Research Project II - BGN201

Learn to monitor, analyse and evaluate a common process (or processes) relevant to their stream studies.  (For the purpose of this unit, a "process" is defined as any distinct series of events or changes over a period of time, and which is directly related to the area of study).


There are 6 lessons in this module as follows:

  1. Identifying research issues
  2. Acquisition of technical information
  3. Specialised research techniques
  4. Research planning and designing
  5. Statistics
  6. Conducting research


  • Give evidence of your ability to collect, collate and interpret data and prepare reports in ways relevant to the work environment;
  • Increase your ability to monitor and evaluate one’s own work in order to develop a responsible attitude to workplace performance and quality assurance;
  • Expand awareness of areas where there is a valid need for research which are relevant to area of study;
  • Develop your ability to explain research methods, including experimental techniques, commonly used in the learner's area of study;
  • Understand the basic statistical methods used for research;
  • Develop an ability to locate, collect and evaluate information for a specific research purpose;
  • Be able to prepare a research report in a format which conforms to normal industry procedures.

What is covered by each lesson?

1. Identifying research issues

  • The nature of research
  • Finding research ideas
  • Experience
  • Literature
  • Requests for research
  • Curiosity and imagination
  • Considering all options
  • Formulating a research project
  • Is the research topic feasible
  • Terminology
  • Types of questions: descriptive, rational, causal
  • Units of analysis
  • Validity
  • Conclusion validity
  • Internal validity
  • Construct validity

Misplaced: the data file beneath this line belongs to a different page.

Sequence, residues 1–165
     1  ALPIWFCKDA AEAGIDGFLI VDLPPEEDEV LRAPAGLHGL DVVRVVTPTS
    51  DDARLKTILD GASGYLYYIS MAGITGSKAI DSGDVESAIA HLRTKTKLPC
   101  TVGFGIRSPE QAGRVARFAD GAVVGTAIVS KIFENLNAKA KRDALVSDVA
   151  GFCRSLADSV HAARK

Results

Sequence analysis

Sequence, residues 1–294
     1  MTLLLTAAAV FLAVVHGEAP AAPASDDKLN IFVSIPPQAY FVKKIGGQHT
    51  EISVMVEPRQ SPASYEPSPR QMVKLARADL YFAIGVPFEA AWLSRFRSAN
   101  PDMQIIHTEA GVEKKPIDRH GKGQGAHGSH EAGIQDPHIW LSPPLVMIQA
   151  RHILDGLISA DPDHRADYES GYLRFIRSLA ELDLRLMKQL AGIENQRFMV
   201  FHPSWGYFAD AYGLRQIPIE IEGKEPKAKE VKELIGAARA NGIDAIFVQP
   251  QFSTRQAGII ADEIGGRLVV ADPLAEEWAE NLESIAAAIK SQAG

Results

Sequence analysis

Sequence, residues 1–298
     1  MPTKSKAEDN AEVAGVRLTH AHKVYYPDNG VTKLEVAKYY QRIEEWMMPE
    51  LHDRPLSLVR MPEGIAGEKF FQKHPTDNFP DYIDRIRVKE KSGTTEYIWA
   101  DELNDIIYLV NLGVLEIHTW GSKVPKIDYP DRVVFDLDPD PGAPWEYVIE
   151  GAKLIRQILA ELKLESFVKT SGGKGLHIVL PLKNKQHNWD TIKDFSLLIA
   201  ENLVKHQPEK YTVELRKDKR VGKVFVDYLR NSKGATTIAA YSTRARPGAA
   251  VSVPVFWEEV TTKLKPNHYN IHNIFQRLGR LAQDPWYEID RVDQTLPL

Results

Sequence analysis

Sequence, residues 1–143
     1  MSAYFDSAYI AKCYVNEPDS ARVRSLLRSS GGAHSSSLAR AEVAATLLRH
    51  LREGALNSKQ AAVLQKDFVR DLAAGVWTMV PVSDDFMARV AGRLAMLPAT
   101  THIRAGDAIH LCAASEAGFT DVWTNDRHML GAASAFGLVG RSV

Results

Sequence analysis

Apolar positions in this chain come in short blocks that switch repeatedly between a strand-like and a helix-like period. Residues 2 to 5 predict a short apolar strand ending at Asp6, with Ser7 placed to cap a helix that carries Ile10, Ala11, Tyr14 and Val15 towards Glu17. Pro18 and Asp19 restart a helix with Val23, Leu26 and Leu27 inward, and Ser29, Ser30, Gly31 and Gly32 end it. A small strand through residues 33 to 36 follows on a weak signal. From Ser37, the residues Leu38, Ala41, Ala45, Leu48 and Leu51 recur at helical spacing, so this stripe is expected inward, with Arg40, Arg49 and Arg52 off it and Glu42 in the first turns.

• External validity
  • Fallacies
  • Variables
  • Structure of a research project
  • Components of a research project
  • Nature of a relationship
  • Patterns in relationships
  • Timing of research
  • Ethics in research

2. Acquisition of technical information

  • Literature review
  • Research methods
  • Methods of collecting information
  • Experimental methods
  • Correlation methods
  • Questionnaires, surveys, tests
  • Interviews
  • Document reviews
  • Focus groups
  • Case Studies

3. Specialised research techniques

  • Specialised research

4. Research planning and designing

  • Introduction
  • The scientific method
  • Testing hypotheses
  • Common mistakes when applying the scientific method
  • Hypotheses, models, theories and laws

5. Statistics

  • Types of data: quantitative vs qualitative
  • Overview of statistics for research
  • Sources of statistics
  • Statistical data (Plural sense)
  • Statistical Method (Singular sense)

6. Conducting research

  • Analyzing and interpreting information
  • Start with research goals
  • Analysis of quantitative information
  • Analysis of qualitative information
  • Interpreting information
  • Example of a report
  • Pitfalls to avoid
  • Evaluation
  • Evaluation strategies
  • Types of evaluation
  • Evaluation questions and methods


After the Research Comes a Report.

There are a whole range of conventions that should be followed when reporting on research that you have conducted. Most reports follow a similar, logical structure; but different types of reports can vary in the detail, depending upon what type of research, and type of report is required. Consider a field survey report for example:

Field reports involve combining observations made in the field with theory. The idea is to describe what has been observed and to analyse those observations. They are generally broken down into the following sections:

Introduction - an outline of the research question, the objectives of the research and any underpinning theory. How observations will be recorded.

Description - this is an outline of what has been observed and the parameters of those observations. It is an in-depth description of what has been noted and typically addresses the questions of what, where, who, when and why?

Analysis - this is a detailed analysis of what has been observed and how it relates to the theory. Only observations which are related to the theory should be included. The analysis is the most important component of a field survey report.

Conclusion - a brief summary of what was discovered and any recommendations. Limitations of the research may be highlighted here. This section should not exceed more than a few paragraphs.
Appendices - supporting data such as records of observations and anything which is not necessary to the main body of the report may be included here.

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